You can drag it outwards - up until you run out of spare media, or inwards, pretty much until there’s no transition left. Whatever you do, the middle point is always the join between both clips. But you can change that.

This obviously depends on how much media you have left in each clip after the cut (as explained in Step 2). You can start the transition at the end of the first clip, at the start of the second one, or anywhere in between: move the cursor inside the transition, click and drag to the left or right, until you’re happy with its position.

Step 5: In-depth control

Adding transitions in video editing software Adobe Premiere Pro

(Image credit: Adobe)

If you need to alter additional parameters, you’ll find all the values you can change top left of the interface, once you click on the transition in the Timeline. From there, you can make alterations to whichever settings you’re allowed to change. Some even allow you to set keyframes and alter those values over time.

You also have control over the basics such as setting the duration and position of the transition, as you were able to manually do in the Timeline in the previous step. These changes can be found at the very top of that panel. Duration is a value, while Alignment is a drop down menu.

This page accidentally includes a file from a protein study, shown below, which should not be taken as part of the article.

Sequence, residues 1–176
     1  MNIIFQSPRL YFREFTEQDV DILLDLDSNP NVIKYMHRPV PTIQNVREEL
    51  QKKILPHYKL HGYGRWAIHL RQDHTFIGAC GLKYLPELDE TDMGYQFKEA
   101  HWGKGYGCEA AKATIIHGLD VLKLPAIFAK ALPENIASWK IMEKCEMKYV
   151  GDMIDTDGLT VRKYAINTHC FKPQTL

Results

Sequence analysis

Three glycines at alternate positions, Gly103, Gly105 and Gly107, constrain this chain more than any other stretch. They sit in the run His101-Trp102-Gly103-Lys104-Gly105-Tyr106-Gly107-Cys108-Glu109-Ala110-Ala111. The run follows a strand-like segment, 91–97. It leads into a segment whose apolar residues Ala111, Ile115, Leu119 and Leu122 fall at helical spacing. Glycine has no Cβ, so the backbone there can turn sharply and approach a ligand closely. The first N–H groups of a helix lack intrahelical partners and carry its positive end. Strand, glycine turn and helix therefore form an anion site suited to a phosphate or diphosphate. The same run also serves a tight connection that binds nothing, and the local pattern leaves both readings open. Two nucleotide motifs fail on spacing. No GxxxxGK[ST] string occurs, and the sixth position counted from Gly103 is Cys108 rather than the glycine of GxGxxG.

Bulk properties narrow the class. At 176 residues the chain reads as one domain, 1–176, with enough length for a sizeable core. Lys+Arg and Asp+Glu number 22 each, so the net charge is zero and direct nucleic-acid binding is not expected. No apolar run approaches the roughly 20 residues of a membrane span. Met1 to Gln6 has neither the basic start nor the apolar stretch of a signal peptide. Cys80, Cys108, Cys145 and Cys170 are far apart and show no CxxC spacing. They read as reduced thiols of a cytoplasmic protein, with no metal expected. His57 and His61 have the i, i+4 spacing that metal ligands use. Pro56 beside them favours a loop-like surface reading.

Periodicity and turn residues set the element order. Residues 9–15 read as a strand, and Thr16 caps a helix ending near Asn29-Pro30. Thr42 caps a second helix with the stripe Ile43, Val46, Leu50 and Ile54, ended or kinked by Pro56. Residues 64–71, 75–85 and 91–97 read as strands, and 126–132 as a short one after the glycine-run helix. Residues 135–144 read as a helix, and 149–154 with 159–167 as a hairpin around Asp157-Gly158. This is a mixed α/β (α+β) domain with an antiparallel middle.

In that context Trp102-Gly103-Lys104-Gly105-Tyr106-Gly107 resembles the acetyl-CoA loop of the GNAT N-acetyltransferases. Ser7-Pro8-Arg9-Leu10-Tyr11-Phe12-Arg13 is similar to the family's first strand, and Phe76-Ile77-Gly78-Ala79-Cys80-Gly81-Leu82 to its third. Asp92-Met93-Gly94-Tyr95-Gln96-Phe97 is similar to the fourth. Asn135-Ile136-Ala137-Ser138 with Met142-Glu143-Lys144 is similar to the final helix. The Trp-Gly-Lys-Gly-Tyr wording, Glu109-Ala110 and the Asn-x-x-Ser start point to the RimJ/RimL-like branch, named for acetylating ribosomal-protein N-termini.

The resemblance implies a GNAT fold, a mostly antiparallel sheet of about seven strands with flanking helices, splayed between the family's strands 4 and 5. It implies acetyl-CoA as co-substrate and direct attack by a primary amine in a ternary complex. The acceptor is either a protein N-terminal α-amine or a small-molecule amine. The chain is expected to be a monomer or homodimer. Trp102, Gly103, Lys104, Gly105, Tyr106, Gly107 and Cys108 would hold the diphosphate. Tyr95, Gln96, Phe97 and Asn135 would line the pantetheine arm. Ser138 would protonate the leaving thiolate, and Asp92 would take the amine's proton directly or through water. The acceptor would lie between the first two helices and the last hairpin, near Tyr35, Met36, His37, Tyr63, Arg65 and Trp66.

Final thoughts

Transitions allow you to create a nice stylistic effect as you move from scene to scene. Premiere Pro has a handful at your disposal, and we hope you’ll have seen how easy they are to add and alter. 

However, it’s also possible to purchase additional sets from third-party companies, which would increase your catalog while offering you more original transitions, all with the same controls as the default ones have, and all would reside in that same “Effects” panel, lower left of the interface.

For more help with Adobe’s dominant video editor, we’ve also explored How to add titles in Adobe Premiere Pro

Steve Paris

Steve has been writing about technology since 2003. Starting with Digital Creative Arts, he's since added his tech expertise at titles such as iCreate, MacFormat, MacWorld, MacLife, and TechRadar. His focus is on the creative arts, like website builders, image manipulation, and filmmaking software, but he hasn’t shied away from more business-oriented software either. He uses many of the apps he writes about in his personal and professional life. Steve loves how computers have enabled everyone to delve into creative possibilities, and is always delighted to share his knowledge, expertise, and experience with readers.